Trilateral Partnership Advances Efforts to End Tuberculosis in Vietnam

Tuberculosis (TB) is the world’s deadliest infectious disease, claiming an estimated one billion lives over the past 200 years. Today, approximately 90 percent of the world’s TB burden is concentrated in just 30 countries, and among these high burden countries, Vietnam ranks eleventh. The government of Vietnam is working with the U.S. Centers for Disease Control and Prevention (CDC) to intensify interventions to achieve the national and global goal of ending TB as a public health threat by 2030.

Attention to TB is especially important in the face of the COVID-19 pandemic. Of concern, regional lockdowns and the burden of the pandemic on health care providers has the potential to significantly disrupt TB prevention and care services. Evidence also shows that patients with chronic respiratory diseases like TB are at increased risk for COVID-19 and may experience worse outcomes.

Nowhere in Vietnam has the impact of COVID-19 on TB been felt more intensely than in Ho Chi Minh City—which is not only the epicenter of TB infections in Vietnam, but also the location of over half of the country’s total COVID-19 cases and more than 75 percent of the deaths thus far.

Over the course of the COVID-19 pandemic, and particularly during the rapid spread of the Delta variant, the CDC Foundation and our partners have made progress in supporting Vietnam’s goal to end TB in Ho Chi Minh City. This ongoing work has been accomplished through a collaboration that draws on the public health expertise, experience and resources of Taiwan, Vietnam and the United States.

Partners include the Taiwan Centers for Disease Control; Ministry of Health and Welfare, Taiwan (ROC); the U.S. Centers for Disease Control and Prevention; local implementing partner Friends for International TB Relief (FIT); and the CDC Foundation.

The three countries launched this initiative in 2019 with a forum focused on national planning, identifying program gaps and sharing information about best practices in TB interventions. The forum facilitated the development of a five-year plan for intensified TB service delivery and research in Ho Chi Minh City.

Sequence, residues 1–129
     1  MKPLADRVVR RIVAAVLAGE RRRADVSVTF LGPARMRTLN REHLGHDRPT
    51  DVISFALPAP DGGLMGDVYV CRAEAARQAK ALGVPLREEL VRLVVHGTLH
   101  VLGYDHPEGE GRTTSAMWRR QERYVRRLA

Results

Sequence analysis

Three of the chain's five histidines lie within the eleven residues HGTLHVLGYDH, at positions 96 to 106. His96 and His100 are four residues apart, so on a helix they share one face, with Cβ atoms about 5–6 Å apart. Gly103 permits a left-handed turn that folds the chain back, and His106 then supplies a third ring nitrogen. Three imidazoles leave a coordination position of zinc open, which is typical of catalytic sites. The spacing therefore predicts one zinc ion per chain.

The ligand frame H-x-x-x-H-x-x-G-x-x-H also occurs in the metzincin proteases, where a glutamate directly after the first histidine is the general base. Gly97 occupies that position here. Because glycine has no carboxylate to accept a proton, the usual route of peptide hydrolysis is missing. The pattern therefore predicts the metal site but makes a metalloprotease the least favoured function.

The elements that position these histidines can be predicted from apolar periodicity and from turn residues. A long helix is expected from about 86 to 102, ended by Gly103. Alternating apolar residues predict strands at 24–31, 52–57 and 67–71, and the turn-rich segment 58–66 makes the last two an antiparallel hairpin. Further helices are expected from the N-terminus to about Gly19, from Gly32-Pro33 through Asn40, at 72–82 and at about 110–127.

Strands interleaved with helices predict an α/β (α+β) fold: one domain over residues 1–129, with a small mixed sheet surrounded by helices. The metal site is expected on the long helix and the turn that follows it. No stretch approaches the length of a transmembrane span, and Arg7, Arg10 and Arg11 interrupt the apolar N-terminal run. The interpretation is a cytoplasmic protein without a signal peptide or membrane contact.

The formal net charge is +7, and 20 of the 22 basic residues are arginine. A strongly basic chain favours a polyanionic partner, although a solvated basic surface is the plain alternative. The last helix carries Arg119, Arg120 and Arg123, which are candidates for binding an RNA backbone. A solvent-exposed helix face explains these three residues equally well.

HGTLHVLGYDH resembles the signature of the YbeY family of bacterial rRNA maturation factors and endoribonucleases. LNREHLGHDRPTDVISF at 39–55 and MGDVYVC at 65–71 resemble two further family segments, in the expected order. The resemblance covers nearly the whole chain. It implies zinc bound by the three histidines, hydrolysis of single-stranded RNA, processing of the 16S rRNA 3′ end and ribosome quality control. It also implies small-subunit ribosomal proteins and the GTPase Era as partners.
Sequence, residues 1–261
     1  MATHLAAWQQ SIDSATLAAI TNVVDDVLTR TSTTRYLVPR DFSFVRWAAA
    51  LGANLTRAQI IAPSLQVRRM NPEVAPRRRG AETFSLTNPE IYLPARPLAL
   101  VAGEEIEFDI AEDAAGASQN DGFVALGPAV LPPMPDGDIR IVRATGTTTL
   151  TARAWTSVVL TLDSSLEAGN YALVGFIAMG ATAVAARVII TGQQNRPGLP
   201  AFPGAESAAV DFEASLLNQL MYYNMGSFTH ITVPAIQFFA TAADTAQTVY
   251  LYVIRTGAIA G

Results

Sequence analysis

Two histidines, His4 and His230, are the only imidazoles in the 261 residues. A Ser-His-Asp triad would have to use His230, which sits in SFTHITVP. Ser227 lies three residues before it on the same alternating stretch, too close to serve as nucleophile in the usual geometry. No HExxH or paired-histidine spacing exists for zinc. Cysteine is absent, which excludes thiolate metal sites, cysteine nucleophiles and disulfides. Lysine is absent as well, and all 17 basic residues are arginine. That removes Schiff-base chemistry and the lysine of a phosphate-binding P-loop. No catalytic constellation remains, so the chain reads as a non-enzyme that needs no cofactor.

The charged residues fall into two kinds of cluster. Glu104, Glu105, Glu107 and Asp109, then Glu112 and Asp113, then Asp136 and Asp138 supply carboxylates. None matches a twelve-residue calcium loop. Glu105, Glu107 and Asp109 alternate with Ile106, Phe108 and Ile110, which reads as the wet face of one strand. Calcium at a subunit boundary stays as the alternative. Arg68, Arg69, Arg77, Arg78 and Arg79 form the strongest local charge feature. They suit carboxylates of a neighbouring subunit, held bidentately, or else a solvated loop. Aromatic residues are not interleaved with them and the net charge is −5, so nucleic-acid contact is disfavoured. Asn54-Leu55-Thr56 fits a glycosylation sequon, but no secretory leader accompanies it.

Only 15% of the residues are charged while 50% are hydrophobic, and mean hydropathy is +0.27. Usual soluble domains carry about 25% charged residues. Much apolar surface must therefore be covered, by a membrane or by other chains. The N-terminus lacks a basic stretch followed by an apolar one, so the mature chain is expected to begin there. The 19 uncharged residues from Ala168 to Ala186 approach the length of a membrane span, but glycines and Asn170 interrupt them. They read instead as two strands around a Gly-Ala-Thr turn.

As part of this plan, in December 2020, Pham Ngoc Thach Hospital, CDC and FIT began training 75 doctors and health staff from across the city in infection control measures, routes of TB transmission, environmental controls and more. This initial TB training provided a foundation for the local COVID-19 infection response as health care workers in Ho Chi Minh City braced themselves against the most recent overwhelming COVID-19 wave.

“This effort shows how much can be achieved by bringing together partners from the public and private sectors to use and mobilize resources to tackle two of the most pressing infectious diseases in the city,” said Alyssa Finlay, senior TB regional advisor for the U.S. Centers for Disease Control and Prevention in Vietnam. “Even as the city health system urgently pivoted towards addressing the deadly COVID-19 epidemic in 2021, additional support to ensure continuity of care for TB patients in the setting of a surging deadly COVID-19 epidemic was made possible.”

We were able to go out into the community and provide access to TB screening to those who might not have otherwise sought out testing, and we were able to diagnose TB which would’ve otherwise been missed.

The initiative enabled FIT to expand its mobile chest X-ray screening campaign effort to incorporate latent TB infection testing and follow-on preventive TB treatment using new medicines taken for a shorter period of time than more traditional treatments. Through 56 days of community-based mobile CXR screening at 79 unique locations across Ho Chi Minh City, more than 17,000 people were screened for TB, and 160 people were newly diagnosed with TB and linked to treatment.

“The mobile screening campaign has proven to be invaluable,” said Luan Vo, FIT CEO. “We were able to go out into the community and provide access to TB screening to those who might not have otherwise sought out testing, and we were able to diagnose TB which would’ve otherwise been missed.”

In addition to screenings, FIT linked vulnerable individuals to TB preventive treatment and began providing social support to people with multidrug-resistant TB in an effort to improve treatment outcomes and defray the high costs of medical care.

The project is also focused on innovative technology-based approaches to TB detection, including using an artificial intelligence model. This system will support computer-aided analysis of chest X-rays for TB with the goal of improving the accuracy of screening and diagnosis.

The impact of this trilateral initiative to date illustrates how important strong partnerships are in addressing ongoing public health priorities like TB and ensuring that critical progress in the fight against deadly infectious diseases is not lost as countries work to respond to COVID-19.


a street in Ho Chi Minh City